Asia Pacific firms shine in Global 100 ranking

German car maker BMW was crowned the world’s most sustainable corporation in the annual Global 100 ranking, while Asia Pacific firms also shone, with three firms clinching top 10 spots.

German automobile giant BMW has been ranked as the most sustainable company in the world, according to the Global 100 Most Sustainable Corporations index unveiled by Canadian media and research firm Corporate Knights in Davos, Switzerland on Thursday.

Singapore, a small city-state in Asia, punched above its weight with two firms - telecommunications provider StarHub and real estate giant City Developments Limited (CDL) - claiming spots among the top 10.

The index was launched on the sidelines of the World Economic Forum’s annual meeting in Davos, where global business, civil society, and policy leaders have gathered to discuss financial and social challenges facing the global economy.

The ranking showcases the top corporations that are leading on sustainability, which has become an important priority among government and business leaders in recent years. 

Last month, at the United Nations climate change summit in Paris, businesses also pledged an unprecedented number of commitments ranging from moves by institutional investors to rid their portfolios of fossil fuels to promises by companies to integrate carbon pricing into operations, all in a bid to tackle climate change.

Toby Heaps, chief executive officer of Corporate Knights noted that the Global 100 companies “demonstrate ambition and achievement on a broad spectrum of indicators”. 

“Striving to make the world a better place, they are where people want to work, firms we want to buy from and invest in for the long term”,  he added. 

The top 10 companies in the Global 100 2016 ranking. Image: Corporate Knights

BMW won the top spot thanks to a strong performance in areas such as energy and resource efficiency, as well as waste minimisation.

It also won praise for its transparent approach to paying taxes, its high investment in innovation, low employee turnover, and a small disparity between the pay of top management and average workers.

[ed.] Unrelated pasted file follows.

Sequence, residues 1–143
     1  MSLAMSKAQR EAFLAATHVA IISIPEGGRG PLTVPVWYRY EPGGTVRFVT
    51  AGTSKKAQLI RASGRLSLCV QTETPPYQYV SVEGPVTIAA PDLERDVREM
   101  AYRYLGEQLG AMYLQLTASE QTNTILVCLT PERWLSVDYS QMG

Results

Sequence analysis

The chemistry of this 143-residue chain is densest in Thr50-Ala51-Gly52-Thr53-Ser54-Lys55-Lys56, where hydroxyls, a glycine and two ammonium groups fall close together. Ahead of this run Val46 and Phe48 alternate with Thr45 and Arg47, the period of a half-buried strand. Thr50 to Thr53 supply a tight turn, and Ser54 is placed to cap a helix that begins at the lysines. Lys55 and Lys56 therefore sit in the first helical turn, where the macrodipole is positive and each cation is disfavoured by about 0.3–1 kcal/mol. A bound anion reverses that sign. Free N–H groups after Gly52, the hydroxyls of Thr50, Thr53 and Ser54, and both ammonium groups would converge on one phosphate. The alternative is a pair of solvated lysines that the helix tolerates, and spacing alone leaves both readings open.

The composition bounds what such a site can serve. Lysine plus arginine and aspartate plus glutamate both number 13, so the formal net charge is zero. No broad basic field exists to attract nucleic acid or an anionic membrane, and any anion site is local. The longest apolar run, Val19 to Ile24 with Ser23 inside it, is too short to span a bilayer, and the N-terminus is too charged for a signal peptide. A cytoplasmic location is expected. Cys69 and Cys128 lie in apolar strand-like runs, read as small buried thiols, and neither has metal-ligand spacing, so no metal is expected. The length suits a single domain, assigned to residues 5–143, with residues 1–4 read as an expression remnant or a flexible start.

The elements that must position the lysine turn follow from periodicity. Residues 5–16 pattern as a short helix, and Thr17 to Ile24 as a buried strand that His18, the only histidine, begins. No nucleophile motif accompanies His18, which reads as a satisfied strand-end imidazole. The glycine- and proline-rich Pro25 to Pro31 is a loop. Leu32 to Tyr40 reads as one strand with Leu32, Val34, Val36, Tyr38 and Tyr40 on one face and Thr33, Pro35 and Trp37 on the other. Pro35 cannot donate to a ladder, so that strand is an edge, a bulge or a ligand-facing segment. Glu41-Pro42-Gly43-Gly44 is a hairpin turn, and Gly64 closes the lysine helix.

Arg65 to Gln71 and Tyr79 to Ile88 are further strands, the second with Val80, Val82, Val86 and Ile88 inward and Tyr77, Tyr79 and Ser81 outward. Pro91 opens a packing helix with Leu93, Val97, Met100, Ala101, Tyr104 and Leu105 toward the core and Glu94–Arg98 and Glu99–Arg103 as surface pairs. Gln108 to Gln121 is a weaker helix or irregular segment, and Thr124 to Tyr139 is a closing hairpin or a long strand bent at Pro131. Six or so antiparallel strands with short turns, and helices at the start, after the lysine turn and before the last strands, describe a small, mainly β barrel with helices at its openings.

Harald Kruger, chairman of the BMW board of management, said: “Sustainability is part of our identity… (the ranking) shows that our activities continue to have an impact and that we are on the right track.”

The index assessed 4,353 publicly listed companies with a market capitalisation of more than US$2 billion. It uses 12 indicators to evaluate the companies, including energy use, taxes paid, and gender equality in top management.

One particularly encouraging finding from this year’s ranking was that 87 out of the 100 firms in the index provide a monetary bonus to executives if they achieve their sustainability targets, said Corporate Knights.

Striving to make the world a better place, they are where people want to work, firms we want to buy from and invest in for the long term.

Toby Heaps, chief executive officer, Corporate Knights

Asia Pacific shines bright

The 2016 index was also Asia Pacific’s strongest showing yet, with three firms from the region in the top 10, compared to just one last year. Apart from Starhub and CDL, the third was the Commonwealth Bank of Australia, which came in fourth.

Property developer Capitaland (93) and industrial conglomerate Keppel Corporation (55) were the other Singaporean firms featured, bringing the country’s total to four – the same as last year. 

From Asia, Japan and South Korea also had four companies each listed in the ranking, including car maker Nissan Motors (97) and technology firm Samsung Electronics (94).

StarHub is the top Singaporean and Asian company on the index, its 8th place spot a sharp rise from 24th rank last year. Among the company’s sustainability initiatives are an islandwide campaign to recycle electronic waste, in-house resource efficiency targets, and sustainability reporting.

Tan Tong Hai, chief executive officer, StarHub, said that “it has always been important to us to do what is right for the business, community, and environment”. 

CDL also jumped from 34th position last year to 10th-place. This, said Grant Kelley, chief executive officer of CDL, “reflects our concerted efforts of integrating sustainability into operations”. 

The firm has made significant energy and water savings over the years and also reduced its greenhouse gas emissions by 21 per cent between 2007 and 2014. It has also won acclaim for sustainable projects such as Tampines Concourse 11, Asia Pacific’s first carbon neutral development and Tree House, a residential complex which is home to the world’s largest vertical garden.

As for the Commonwealth Bank of Australia, Corporate Knights said the bank won because of its transparent reporting on taxes, the status of its pension fund, and carbon emissions; as well as a gender equality target to have 40 per cent of senior management comprised of women by 2020. Today, 35 per cent of the bank’s top executives are women.

Kylie Macfarlane, general manager of corporate social responsibility, Commonwealth Bank, noted that the diversity of indicators for the scorecard ensures that every aspect of the bank’s business operations is considered in the assessment.  

“Our corporate responsibility strategy guides us in achieving our vision to excel and securing and enhancing the financial wellbeing of people, businesses, and communities,” she said. 

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